Prime Minister Narendra Modi swept to power with the biggest national election victory in three decades, promising to revitalize India’s economy, fix governance and push through reform legislation by executive decree.  However, economics for the common man is systematic.  The strategies and processes that create, break down, and recreate social coalitions in the party system require calculated tactical alliances (Swamy, 2012).   Institutions in the economic system must distribute rights and realize solutions.  When these transaction are taken into account, it turns out that the existence of firms, the structure of the financial system and even fundamental features of the legal system can be given a relatively simple explanation (see Coase, 1960).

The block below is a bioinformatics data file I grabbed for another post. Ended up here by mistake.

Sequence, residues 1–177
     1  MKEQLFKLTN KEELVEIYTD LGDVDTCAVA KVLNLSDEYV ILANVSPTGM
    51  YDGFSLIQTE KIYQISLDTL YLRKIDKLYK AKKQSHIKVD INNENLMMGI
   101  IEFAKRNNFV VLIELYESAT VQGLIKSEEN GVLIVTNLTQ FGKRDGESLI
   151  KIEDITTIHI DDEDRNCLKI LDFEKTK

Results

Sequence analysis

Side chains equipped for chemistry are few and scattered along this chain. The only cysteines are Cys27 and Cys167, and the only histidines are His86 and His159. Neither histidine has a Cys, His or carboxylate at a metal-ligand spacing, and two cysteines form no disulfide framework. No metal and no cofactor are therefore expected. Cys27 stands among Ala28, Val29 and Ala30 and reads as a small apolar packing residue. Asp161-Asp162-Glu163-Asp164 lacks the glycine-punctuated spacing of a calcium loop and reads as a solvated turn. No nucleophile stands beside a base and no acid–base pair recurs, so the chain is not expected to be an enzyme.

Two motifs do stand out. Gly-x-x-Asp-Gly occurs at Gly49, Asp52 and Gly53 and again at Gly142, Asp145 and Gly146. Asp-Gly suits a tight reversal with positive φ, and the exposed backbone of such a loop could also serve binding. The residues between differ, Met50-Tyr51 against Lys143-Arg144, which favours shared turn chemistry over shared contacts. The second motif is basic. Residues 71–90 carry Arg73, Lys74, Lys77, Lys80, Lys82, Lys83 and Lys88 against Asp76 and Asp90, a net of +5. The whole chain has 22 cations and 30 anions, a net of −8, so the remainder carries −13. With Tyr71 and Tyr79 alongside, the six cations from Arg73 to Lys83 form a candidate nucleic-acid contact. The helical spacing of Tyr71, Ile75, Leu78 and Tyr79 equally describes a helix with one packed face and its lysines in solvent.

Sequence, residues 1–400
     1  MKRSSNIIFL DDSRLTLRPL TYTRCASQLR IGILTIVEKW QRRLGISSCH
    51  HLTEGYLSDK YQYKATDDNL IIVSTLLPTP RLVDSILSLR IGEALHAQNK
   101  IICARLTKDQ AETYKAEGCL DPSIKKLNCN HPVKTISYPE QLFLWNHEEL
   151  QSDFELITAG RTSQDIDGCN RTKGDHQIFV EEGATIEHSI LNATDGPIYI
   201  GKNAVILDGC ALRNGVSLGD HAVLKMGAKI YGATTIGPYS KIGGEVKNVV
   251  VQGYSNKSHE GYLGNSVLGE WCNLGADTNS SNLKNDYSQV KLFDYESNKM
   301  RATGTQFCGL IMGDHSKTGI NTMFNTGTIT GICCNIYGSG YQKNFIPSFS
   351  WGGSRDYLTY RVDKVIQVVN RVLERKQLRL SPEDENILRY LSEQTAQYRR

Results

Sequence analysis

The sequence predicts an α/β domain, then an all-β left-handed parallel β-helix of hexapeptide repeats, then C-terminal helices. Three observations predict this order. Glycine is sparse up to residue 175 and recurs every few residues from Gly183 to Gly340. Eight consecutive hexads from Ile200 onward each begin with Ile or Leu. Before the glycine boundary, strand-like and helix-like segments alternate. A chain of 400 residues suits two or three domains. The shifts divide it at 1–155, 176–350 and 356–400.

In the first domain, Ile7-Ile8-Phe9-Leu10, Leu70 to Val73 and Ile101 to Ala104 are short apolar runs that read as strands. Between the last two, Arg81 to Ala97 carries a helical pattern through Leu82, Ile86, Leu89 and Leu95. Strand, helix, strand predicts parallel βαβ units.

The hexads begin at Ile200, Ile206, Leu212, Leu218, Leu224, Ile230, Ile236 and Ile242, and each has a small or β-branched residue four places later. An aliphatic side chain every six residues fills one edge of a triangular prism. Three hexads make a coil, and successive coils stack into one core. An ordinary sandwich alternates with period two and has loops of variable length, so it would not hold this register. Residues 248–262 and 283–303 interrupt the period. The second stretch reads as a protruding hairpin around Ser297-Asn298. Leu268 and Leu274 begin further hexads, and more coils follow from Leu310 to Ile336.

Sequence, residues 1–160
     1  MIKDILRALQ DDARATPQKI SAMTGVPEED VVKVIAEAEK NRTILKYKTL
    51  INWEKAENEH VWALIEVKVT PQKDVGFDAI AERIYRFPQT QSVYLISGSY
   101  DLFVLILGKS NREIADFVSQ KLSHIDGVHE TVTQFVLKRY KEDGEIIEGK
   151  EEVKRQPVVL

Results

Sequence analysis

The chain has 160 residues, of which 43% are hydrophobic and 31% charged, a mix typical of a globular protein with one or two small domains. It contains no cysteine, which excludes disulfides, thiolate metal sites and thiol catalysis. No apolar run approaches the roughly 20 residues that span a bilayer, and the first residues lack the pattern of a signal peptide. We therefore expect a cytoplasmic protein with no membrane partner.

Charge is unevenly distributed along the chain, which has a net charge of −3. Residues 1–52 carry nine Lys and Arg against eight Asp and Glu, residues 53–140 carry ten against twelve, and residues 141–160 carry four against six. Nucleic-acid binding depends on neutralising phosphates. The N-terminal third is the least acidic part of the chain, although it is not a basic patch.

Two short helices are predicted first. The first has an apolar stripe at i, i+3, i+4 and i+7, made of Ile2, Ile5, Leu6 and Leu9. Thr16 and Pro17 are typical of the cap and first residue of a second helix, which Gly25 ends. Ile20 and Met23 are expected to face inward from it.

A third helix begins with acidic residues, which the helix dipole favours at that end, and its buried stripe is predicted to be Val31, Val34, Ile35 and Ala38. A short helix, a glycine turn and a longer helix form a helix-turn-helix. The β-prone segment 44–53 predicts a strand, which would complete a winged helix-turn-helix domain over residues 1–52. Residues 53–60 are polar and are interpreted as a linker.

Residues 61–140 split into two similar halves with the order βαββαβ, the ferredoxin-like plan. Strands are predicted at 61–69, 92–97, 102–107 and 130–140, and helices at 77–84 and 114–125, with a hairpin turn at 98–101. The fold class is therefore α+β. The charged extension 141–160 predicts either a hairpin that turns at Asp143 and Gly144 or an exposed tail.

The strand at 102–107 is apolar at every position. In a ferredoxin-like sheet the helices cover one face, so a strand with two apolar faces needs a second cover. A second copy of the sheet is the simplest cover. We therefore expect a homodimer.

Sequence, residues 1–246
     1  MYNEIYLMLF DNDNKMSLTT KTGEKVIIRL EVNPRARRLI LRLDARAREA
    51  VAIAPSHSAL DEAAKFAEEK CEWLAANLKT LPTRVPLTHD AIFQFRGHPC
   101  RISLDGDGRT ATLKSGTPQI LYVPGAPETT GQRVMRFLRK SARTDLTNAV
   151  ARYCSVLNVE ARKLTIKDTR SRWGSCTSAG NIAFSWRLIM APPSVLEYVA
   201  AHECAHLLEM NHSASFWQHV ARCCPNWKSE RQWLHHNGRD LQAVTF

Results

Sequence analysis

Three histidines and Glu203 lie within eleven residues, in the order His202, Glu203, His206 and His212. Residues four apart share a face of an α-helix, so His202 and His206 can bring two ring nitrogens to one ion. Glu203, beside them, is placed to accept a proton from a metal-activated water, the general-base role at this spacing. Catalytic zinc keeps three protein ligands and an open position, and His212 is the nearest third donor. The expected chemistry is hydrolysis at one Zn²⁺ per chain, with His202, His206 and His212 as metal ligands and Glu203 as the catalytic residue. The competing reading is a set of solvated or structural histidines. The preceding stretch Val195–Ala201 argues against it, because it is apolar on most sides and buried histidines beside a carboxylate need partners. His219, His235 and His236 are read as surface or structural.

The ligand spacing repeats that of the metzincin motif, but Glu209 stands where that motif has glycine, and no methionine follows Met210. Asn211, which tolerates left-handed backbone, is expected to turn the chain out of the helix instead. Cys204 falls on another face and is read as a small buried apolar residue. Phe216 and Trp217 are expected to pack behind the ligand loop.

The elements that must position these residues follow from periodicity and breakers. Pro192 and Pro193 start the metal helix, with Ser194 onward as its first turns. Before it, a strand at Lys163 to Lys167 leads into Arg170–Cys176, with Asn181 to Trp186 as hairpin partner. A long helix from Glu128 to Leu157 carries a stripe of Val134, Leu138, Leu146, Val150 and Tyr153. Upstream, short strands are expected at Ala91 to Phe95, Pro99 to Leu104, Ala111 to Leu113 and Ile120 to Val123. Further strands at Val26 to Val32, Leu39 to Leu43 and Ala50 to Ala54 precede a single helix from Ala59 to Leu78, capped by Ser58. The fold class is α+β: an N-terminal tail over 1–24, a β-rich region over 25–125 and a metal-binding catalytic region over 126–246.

Incentivizing Trade and Investment

The U.S.-India Business Council (USIBC) hosted President Barack Obama and Prime Minister Narendra Modi for a first-ever joint address to the U.S. and Indian business communities on Monday, January 26 in New Delhi along with the Government of India’s Department of Industrial Policy & Promotion (DIPP), the Confederation of Indian Industry (CII) and the Federation of Indian Chambers of Commerce & Industry (FICCI).

The New Delhi Deal

U.S. President Obama and India's PM Modi wave towards the media during a photo opportunity ahead of their meeting at Hyderabad House in New DelhiThe New Delhi Deal initiated by U. S. President Barack Obama and Indian Prime Minister Narendra Modi last week has emboldened India’s economic reform agenda and deepen U.S. – India bilateral relations.  The two countries reached agreement on a series of measures designed to reinvigorate commercial trade, restore the confidence of investors in India’s vast market, and resolve differences over the liability of suppliers to India in the event of a nuclear accident and U.S. demands on tracking the whereabouts of material supplied to the country.